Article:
The unique sensory experience of Sumatran coffees has always been the central point of our much loved Janszoon blend. A lot of this distinctive flavour originates from the Giling Basah method of processing coffee after harvesting. This involves peeling the final delicate parchment skin away from the coffee we roast while the seed is still fairly wet, hence the western name for the process, wet-hulling. When mastered, Giling Basah produces striking, exotic coffees with an instantly recognisable quality.
Refining this process, building transparency and getting recognition for the smallholders of Northern Sumatra is a goal of Mahdi Usati the local collector that curated this micro-lot. Mahdi works with a network of smallholder families who live under the shadow of the Burni Telong volcano in the heart of the Aceh province. This lot takes the name of the volcano and combines the harvest of 60 farmers. Madhi collects the coffee when it has been pulped and then carefully wet hulls and dries each delivery separately, only combining the farmers harvests after tasting them.
The result of this care and attention takes Sumatran coffee to the next level in quality. The dark chocolate flavour that is so appealing with this origin remains the foundational flavour along with an exotic positive cedar/nutmeg brown spice. Orange citrus, passion fruit and dried apricot flavours then follow on the finish, complimented by a viscous maple syrup like texture.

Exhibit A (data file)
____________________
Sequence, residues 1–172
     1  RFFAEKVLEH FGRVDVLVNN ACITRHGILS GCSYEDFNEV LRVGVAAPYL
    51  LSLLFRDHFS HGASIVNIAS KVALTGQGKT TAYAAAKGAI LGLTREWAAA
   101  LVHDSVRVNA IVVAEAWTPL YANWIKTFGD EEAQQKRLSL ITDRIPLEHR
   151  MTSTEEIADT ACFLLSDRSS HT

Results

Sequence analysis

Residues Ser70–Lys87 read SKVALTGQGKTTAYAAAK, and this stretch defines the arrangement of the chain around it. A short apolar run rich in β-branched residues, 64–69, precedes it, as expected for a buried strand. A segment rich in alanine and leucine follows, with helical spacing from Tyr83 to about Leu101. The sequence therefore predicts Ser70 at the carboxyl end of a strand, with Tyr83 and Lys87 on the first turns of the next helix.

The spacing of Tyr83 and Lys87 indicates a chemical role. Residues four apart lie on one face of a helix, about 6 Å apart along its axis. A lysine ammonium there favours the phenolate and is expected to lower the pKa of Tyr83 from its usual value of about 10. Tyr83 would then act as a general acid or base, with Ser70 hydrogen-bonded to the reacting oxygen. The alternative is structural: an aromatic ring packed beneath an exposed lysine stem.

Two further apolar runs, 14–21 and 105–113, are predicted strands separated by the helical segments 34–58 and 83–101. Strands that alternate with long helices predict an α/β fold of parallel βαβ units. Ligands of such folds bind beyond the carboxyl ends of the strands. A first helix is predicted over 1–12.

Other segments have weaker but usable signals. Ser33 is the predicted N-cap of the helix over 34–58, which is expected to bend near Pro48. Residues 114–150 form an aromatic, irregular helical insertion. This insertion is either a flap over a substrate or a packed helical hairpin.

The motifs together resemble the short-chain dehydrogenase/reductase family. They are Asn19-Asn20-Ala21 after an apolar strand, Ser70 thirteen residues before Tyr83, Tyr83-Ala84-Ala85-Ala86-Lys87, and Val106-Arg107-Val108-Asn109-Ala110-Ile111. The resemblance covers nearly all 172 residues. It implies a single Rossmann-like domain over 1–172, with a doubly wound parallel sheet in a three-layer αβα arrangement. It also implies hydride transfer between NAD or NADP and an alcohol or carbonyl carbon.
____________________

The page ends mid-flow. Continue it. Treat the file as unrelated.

We’ve developed this roast to bring out the most of the chocolate and spice like character, making it ideal as a single origin espresso or for people who enjoy milk with their coffee. Its also a great way for Janszoon drinkers to try out the world of single origin coffees while still having a comforting level of familiarity.
If you are brewing Burni Telong as an espresso here’s a recipe we enjoyed in the lab. How much you put into the portafilter will depend on your machine. It brews a dark chocolate and mandarin orange like espresso. After flavours of molasses, pecan nut and warming spice roll onto a syrupy like mouthfeel.
Ratio: 1 : 1.88 ratio / 17g : 32g
Brew time: 30 - 32 seconds
Brew Temperature: 91°C
If you’re not sure about ratios this means ‘dry coffee weight: brewed coffee weight’. Weight is a more consistent way of measuring than volume and we always recommend using an inexpensive set of digital scales that have 0.1g resolution when brewing at home.
If you can change the temperature of your espresso machine, we’ve added notes on preferred temperature as well. Changing temperature can impact on the types of flavours most present as well as the intensity of the acidity in an espresso.